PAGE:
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Nina In New York: Is The NSA Trying To Brainwash My Daughter? Meh, Probably Not.

NSA Computer work station (Photo credit: PAUL J. RICHARDS/AFP/Getty Images)

NSA Computer work station (Photo credit: PAUL J. RICHARDS/AFP/Getty Images)

A lighthearted look at news, events, culture and everyday life in New York. The opinions expressed are solely those of the writer.
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By Nina Pajak

The world is a scary place, seemingly scarier by the day. I’ve always been the type to think so, ever since I was just a tender, little, anxiety-ridden sprout. And now that I have a little sprout of my own (whom I hope not to destroy with my plaguing fears), the dangers lurking everywhere have been magnified a thousand-fold. I mean, there’s local violence and freak accidents and mass shootings seemingly every week, if not every day. There’s cyber bullying and sexting and basically everything about the internet is just seriously awful. There’s distracted driving and drunk driving and all sorts of newfangled drugs and I’m pretty sure heroin is back in style? Gah.

Then there’s the next level of danger, the ever-lurking global threat of national security breaches and terrorism and cyber terrorism. Thank goodness we have the National Security Agency to spy on and also protect us. And as it turns out, they’re looking out for our kids, too.

Like most people, I was totally unaware of the NSA’s “CryptoKids” website until I read this piece in The New York Times. It turns out it was launched nine years ago with the mission of educating—and recruiting—the budding young Americans who might one day take an interest in cryptology and code-breaking and email-reading. The site features a cast of adorably approachable cartoons, like Decipher Dog, who specializes in cryptanalysis, Joules, an engineering-minded squirrel, and Rosie, a language analyst and maybe like a fox or something? Plus there are activities like cryptograms, which I don’t understand at all, brainteasers, which read suspiciously like math word problems and make my brain angry, and games, many of which I failed at playing. I mean really, since when is “committing morse code to memory” considered an online game? The good news for kids like me is that they also have coloring pages, which I completed really well, so perhaps I still have a shot at becoming an NSA employee.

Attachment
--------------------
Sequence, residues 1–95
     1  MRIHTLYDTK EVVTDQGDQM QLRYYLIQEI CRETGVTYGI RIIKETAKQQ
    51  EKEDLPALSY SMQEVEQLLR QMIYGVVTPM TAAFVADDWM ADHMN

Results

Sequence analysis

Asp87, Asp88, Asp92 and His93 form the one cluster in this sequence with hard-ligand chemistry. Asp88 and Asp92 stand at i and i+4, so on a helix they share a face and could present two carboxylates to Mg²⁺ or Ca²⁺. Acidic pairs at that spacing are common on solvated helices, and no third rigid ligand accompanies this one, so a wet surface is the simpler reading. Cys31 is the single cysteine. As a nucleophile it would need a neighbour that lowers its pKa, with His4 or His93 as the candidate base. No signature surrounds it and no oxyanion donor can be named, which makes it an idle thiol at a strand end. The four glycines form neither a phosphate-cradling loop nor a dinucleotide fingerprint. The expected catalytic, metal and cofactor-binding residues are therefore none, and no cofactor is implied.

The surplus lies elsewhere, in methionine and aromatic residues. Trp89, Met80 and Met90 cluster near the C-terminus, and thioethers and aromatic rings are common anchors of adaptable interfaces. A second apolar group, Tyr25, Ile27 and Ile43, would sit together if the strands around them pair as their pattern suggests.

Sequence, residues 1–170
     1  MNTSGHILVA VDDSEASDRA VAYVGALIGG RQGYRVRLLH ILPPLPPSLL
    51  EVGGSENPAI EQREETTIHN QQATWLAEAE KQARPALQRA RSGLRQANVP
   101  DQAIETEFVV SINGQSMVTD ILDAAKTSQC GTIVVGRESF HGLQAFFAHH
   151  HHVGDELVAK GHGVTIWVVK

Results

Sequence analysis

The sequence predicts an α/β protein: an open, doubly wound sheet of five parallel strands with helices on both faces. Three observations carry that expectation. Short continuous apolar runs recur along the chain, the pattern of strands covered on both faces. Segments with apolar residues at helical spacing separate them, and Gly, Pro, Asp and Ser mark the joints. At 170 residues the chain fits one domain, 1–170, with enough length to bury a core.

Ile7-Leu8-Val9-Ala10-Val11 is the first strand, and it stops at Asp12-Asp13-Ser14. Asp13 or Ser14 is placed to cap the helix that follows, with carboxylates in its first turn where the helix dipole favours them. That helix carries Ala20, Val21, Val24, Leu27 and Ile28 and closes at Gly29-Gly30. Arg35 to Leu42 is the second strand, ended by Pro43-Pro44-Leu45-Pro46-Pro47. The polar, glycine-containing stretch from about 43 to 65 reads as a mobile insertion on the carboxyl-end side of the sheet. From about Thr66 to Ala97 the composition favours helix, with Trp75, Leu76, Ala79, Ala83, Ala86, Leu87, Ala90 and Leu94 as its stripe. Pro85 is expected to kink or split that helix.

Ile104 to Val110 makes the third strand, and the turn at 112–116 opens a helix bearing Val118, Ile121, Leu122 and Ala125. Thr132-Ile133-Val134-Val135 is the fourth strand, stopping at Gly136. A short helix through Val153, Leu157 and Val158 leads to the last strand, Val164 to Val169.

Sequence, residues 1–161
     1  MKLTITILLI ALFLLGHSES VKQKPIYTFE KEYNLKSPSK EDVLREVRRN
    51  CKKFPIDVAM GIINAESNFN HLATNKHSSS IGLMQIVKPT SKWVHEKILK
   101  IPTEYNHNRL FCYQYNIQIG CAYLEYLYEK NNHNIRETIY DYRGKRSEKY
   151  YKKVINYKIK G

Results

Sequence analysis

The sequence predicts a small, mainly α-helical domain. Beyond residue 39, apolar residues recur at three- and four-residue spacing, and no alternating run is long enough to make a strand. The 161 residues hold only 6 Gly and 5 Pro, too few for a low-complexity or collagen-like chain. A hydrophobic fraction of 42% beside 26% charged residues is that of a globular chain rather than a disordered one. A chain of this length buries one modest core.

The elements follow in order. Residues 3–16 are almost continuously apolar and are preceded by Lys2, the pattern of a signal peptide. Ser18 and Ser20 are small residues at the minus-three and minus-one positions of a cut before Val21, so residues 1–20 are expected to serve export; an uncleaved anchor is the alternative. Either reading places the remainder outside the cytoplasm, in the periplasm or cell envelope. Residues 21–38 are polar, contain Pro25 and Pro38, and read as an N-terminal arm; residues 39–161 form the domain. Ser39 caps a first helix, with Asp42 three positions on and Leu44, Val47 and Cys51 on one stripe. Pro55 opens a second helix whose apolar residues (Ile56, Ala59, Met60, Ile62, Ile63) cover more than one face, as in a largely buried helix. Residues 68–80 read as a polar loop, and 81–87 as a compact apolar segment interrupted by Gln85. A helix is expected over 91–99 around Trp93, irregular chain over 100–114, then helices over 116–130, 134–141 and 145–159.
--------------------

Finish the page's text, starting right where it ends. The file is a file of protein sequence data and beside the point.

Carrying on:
Frankly, I’ve got nothing against government agencies creating spaces where our children can learn just what it is they do. Until I had a nice chat with T.Top the friendly computer science turtle, I barely understood the NSA’s function. And I certainly want my kid to understand how to protect herself in this brave new world of social media and total identity transparency online. Clearly, they’ve been at this for nearly a decade and hardly anyone cared or even knew about it. But in light of recent facts revealed by Snowden, this suddenly feels less like an honest attempt at education and recruitment. It feels more insidious, although I won’t go so far as to say propaganda. That’s a strong word, and this is hardly North Korea. More like a sneaky way of endearing the agency and its activities to our youth and getting them comfortable so that one day, when another Snowden comes along with yet more disconcerting information, maybe they’re not quite so quick to mistrust.

Then again, the government never expected a leak of Snowden proportions, so this would be a pretty long and farfetched con if that’s why they’d gone to the trouble of inventing a set of twin leopards (I think?) who travel the world with their super-connected parents and tell kids all about personal cyber security. Plus, the odds of my child getting deep into CryptoKids.com are pretty low. And if she did, and she said to me, “Mom, I’m really good at this cryptogram game and I’m interested in a career as an NSA analyst,” I probably wouldn’t say, “HAVE YOU BEEN TALKING TO THAT INDOCTRINATING GOVERNMENT SHILL, CRYPTOCAT, AGAIN? WHAT DID I TELL YOU ABOUT HIM?” No, first I’d be like, “don’t you mean ‘a nebulous career in some form of creative expression?'” And then I’d say, “Please show me how to solve a cryptogram, genius daughter, because they’re really really hard and that’s super cool and who am I to stop you? Just promise not to hack into my gmail account.”

Seriously, you guys. I very much don’t get it. Where’s the government cartoon cast who recruits people who are bad at math but very comfortable on the page and pretty handy with an editor’s pencil? I’m here, and I’m impressionable.

Nina Pajak is a writer living with her husband, daughter and dog in Queens. Connect with Nina on Twitter at @NinaPajak!